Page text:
Menu options include baked pastas ranging from traditional baked ziti to macaroni and cheese made with an Italian sauce; soufflés and Italian-style quiches; veal, chicken and other proteins that can be assembled with other ingredients to create everything from comforting Parmesan to sophisticated capriccioso (layered with sage, prosciutto and cheese); panini and other toasted sandwiches, and individual pizzas with just about any topping. “Why would anyone want to have a pre-prepared entrée when they can have something that’s made fresh just for them?” says Fischer.
Beyond basic: Flexibility is also the guiding principle behind Maria’s, one of 10 dedicated stations in the South Campus facility at the University of Maryland.
“We’re trying to provide students with fresher, more sophisticated foods,” says Chef/Production Manager Sebastien Watteau, who joined the staff two years ago, charged with just that task. “We had been doing basic, more institutional-quality Italian food, like spaghetti and meatballs, and ravioli and tortellini with generic sauces. But we saw a need for something more authentic, fresh and fun. And we needed to train the staff to be comfortable with more complex cooking methods.”
Watteau admits that there will always be students for whom pizza and spaghetti are quite enough, and Maria’s still does provide that. “But we wanted to appeal to those with gourmet palates, so we’ve been introducing more entrees, as well as homemade sauces and our own signature recipes.”
Now the three-week menu rotation might include daily specialties such as Chicken Puttanesca (sautéed chicken strips with kalamata olives, capers and tomatoes), Fettuccine & Mushroom Gorgonzola, Veal Marsala, Mediterranean Salmon, Beef & Artichokes, Chicken Saltimbocca (with prosciutto and sage) and Cajun Chicken (a hit signature dish made with Cajun spices and Alfredo sauce), as well as the more predictable pasta of the day with a choice of sauces such as marinara and Alfredo.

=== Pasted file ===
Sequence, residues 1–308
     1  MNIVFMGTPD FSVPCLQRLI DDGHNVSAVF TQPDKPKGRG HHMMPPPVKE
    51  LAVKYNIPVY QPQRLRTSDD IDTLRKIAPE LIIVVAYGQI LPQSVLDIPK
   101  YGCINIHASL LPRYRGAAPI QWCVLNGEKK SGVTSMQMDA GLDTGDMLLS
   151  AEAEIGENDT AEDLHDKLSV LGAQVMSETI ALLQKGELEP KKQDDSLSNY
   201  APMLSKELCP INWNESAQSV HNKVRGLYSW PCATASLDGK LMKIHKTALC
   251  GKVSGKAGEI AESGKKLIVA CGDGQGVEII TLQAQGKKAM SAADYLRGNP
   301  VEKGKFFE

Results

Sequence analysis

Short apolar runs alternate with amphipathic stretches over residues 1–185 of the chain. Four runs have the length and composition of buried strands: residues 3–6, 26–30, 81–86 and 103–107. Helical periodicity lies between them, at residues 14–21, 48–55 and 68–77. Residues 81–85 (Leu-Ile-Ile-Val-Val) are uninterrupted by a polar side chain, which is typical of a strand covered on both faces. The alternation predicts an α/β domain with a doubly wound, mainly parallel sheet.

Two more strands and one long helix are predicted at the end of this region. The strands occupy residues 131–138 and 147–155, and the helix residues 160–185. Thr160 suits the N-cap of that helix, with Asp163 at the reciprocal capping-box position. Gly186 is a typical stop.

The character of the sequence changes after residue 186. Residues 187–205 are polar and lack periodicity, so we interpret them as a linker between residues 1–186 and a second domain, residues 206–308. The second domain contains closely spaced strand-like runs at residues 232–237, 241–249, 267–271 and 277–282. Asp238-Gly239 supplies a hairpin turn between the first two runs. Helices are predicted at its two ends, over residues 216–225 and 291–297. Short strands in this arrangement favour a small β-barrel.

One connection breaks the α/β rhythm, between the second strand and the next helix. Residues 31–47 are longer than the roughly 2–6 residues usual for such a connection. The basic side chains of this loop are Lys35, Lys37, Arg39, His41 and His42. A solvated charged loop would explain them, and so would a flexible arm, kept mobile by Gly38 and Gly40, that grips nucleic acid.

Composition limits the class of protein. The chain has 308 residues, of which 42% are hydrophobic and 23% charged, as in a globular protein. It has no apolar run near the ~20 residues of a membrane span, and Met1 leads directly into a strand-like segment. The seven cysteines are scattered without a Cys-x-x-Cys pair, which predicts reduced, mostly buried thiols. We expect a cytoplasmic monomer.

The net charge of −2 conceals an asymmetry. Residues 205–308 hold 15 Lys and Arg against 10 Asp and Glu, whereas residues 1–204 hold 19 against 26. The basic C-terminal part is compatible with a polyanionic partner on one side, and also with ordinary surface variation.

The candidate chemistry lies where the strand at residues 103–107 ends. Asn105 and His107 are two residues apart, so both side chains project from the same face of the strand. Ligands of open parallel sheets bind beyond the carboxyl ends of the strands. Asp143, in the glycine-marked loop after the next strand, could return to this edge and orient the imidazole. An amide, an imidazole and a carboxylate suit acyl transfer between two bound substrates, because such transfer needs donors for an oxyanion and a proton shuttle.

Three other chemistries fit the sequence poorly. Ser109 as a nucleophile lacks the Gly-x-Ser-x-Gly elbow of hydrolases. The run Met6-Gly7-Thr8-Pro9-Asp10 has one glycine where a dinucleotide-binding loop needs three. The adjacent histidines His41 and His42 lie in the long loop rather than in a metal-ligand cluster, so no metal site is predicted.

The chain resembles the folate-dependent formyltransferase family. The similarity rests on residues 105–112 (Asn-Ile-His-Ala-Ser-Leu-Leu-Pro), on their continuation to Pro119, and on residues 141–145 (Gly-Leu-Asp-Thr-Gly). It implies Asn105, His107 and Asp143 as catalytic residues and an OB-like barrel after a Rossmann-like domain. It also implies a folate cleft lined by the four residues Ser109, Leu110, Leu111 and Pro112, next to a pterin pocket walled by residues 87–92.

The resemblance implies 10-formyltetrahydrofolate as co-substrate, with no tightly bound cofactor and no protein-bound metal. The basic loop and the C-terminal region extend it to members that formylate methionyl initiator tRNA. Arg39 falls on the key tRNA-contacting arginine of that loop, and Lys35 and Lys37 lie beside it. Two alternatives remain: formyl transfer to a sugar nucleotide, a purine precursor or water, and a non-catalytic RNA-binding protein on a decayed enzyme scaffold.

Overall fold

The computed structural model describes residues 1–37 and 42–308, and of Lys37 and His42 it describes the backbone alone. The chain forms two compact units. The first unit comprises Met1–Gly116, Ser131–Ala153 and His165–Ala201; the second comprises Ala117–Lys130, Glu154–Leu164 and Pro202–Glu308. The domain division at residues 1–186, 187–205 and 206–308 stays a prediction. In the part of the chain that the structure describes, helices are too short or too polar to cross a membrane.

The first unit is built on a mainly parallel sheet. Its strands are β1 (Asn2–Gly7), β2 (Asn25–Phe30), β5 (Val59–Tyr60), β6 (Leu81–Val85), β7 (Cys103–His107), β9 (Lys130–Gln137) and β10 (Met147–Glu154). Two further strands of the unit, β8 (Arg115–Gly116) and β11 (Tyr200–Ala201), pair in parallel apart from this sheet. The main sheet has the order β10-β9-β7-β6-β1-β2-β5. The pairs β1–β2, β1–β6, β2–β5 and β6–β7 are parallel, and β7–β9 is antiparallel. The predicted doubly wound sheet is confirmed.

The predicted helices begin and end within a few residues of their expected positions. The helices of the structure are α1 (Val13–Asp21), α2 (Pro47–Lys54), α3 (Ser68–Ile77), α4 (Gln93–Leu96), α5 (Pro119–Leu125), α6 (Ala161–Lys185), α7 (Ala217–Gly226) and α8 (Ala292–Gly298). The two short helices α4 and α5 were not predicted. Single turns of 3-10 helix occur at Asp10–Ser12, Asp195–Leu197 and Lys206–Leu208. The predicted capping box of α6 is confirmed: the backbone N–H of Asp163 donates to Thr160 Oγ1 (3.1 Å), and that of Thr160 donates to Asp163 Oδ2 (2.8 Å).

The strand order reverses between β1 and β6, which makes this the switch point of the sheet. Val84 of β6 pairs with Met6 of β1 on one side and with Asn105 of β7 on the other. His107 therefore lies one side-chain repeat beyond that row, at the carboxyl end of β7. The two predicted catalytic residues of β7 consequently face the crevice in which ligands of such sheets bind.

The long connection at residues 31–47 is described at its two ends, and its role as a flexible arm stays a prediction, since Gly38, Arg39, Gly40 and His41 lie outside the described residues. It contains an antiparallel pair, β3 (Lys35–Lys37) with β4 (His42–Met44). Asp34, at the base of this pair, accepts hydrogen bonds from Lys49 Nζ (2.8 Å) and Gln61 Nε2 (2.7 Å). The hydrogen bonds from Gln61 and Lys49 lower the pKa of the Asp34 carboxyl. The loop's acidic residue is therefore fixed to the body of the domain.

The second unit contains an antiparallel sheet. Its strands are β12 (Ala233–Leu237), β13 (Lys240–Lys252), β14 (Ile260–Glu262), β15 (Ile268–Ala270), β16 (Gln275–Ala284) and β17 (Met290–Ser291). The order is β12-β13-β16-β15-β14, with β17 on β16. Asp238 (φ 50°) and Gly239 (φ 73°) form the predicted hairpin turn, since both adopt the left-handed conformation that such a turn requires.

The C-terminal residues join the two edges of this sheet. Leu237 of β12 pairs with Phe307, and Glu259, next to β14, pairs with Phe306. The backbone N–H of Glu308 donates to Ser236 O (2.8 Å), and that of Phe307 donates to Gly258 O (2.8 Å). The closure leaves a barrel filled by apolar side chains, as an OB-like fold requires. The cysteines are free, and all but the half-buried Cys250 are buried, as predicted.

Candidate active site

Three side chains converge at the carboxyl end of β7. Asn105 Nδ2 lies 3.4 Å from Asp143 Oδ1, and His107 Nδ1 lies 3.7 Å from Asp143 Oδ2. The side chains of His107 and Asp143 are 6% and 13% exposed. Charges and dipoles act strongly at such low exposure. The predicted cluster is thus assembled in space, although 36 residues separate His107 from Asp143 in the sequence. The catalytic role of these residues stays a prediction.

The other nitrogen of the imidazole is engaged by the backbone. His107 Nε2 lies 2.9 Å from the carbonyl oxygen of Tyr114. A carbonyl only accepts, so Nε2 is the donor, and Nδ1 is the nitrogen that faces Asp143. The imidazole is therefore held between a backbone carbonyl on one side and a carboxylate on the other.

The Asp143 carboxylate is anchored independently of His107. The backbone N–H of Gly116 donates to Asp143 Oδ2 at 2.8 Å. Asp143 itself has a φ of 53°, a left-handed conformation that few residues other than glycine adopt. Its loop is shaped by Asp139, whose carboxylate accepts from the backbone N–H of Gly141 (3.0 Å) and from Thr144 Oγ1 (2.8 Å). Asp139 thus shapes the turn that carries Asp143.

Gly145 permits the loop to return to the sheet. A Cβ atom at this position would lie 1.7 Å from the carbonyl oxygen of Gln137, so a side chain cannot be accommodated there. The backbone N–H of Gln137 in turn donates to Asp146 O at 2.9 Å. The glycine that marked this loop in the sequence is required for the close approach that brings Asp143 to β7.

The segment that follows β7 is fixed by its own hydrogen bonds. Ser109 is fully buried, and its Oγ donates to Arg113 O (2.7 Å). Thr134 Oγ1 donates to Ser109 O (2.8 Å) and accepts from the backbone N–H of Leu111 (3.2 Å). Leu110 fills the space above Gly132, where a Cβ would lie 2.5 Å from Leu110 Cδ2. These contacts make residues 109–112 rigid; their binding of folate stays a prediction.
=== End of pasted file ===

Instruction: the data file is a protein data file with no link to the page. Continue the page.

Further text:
Pizza has also been upgraded, with more toppings introduced, and new sauces featuring the likes of fresh basil, oregano and roasted garlic. “Sauces are key to good Italian food,” notes Watteau. Sicilian-style thick-crust pies with extra cheese have also been added—the can’t-lose combination of bread, cheese and tasty sauce, adds the chef.
The new Italian program has been extraordinarily successful, says Watteau, with favorites like the Cajun Chicken, Beef & Artichokes and Pasta Jambalaya (the Cajun specialty, with pasta filling in for the more traditional rice) selling to the tune of 400 or more orders a day. “Plus the students, and the production crew, are learning more about food.”
Raiding the (Italian) Pantry
A few flavorful ingredients are the key to authentic Italian cuisine.
Italian cuisine is widely acknowledged to be one of the most inventive and diverse in the world (along with French and Chinese). Far from being the homogenous bloc that many Americans know, Italian food is characterized by its regionality—20 in all, from Abruzzo and Calabria to Umbria and the Valle d’Aosta, each with its own characteristic ingredients and specialties.